USTelecom Media

Global Fixed-line Broadband Continues Growth

Fixed broadband networks around the world have become an integral part of societies, economies and communities, with all things internet relying heavily upon broadband. Worldwide, digital technologies are driving economic growth, leading-edge innovation and public service delivery. And countries with sophisticated broadband infrastructure are reaping digital dividends as they adopt smart city policies, innovations surrounding the internet of things, M2M and big data.


Underpinning the delivery of these ever-emerging technologies? Fiber broadband networks.  According to Global Market Intelligence, fiber is predicted to grow from 4.5 percent to 23.2 percent by 2025, while cable remains about the same and DSL drops 50 percent to 23.5 percent. Broadband deployment continues to progress around the world, with an emphasis on fiber infrastructure. According to the Organisation for Economic Co-operation and Development (OECD), fixed-line broadband subscriptions in the 35-country OECD area reached 387 million in December 2016 ( (up from 372 million the year before). And DSL is steadily being replaced by fiber, which has increased from 15 percent to 21.2 percent.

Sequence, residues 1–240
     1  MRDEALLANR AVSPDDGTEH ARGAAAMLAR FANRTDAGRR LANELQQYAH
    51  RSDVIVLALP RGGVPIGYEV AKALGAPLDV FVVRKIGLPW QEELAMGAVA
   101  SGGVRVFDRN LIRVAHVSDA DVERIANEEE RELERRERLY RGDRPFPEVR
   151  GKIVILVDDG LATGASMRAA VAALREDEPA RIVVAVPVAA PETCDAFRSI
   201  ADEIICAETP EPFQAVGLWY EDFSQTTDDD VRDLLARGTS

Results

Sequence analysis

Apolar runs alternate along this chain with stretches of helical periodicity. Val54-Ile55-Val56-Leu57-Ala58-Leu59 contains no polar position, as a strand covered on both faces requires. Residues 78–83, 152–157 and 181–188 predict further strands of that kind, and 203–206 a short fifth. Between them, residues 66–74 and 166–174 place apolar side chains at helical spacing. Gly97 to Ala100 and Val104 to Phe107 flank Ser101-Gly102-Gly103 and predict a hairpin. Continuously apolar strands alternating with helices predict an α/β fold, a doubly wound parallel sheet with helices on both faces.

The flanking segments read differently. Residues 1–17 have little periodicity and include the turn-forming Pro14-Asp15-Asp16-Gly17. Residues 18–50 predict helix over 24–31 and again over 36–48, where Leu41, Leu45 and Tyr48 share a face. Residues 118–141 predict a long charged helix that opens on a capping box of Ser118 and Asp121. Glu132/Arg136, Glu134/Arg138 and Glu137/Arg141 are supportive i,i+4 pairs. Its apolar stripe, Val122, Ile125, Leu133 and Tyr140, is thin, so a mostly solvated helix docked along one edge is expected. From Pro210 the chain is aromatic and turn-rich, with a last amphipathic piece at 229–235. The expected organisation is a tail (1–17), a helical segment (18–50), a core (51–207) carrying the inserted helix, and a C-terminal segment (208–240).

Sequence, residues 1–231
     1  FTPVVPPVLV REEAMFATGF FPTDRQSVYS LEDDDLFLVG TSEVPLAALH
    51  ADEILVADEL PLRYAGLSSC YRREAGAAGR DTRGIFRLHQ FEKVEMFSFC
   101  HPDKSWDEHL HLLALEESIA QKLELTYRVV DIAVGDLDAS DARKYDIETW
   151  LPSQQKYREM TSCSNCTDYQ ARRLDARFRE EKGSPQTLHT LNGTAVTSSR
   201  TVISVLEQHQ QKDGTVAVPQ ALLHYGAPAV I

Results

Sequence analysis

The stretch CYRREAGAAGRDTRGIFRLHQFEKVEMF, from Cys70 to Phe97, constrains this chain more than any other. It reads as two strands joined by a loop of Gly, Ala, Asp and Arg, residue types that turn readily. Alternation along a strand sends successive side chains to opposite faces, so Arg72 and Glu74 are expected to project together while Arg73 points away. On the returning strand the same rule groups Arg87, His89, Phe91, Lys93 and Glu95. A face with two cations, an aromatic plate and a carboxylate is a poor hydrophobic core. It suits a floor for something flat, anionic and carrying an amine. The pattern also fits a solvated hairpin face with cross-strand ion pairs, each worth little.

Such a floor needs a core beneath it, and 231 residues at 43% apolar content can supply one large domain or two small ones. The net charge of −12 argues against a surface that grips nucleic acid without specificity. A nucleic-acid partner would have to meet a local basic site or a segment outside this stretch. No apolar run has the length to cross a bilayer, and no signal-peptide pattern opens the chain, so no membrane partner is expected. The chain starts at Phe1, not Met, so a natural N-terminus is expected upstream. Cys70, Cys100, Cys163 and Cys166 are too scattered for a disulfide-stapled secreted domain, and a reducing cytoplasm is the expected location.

Recent research indicates fiber-based fixed broadband services are shaping up to define the broadband market of the future.



    • Fiber-based fixed broadband services continue to be the most used delivery of the internet to households and businesses.


    • Through bundled services, broadband is the fastest growing sector of the overall telecommunications market in the U.S.


    • Asia leads the world in internet penetration with South Korea and Japan reaching over 90 percent in 2017.


    • Significant fixed broadband infrastructure investments remain steady in the Middle East.


    • Many African nations have implemented advanced national broadband plans.



Service providers in the United States are committed to continued investment in broadband deployment and upgrading existing networks. Combined with public policies that reduce unnecessary regulatory burdens, the United States will remain atop the global broadband leaderboard.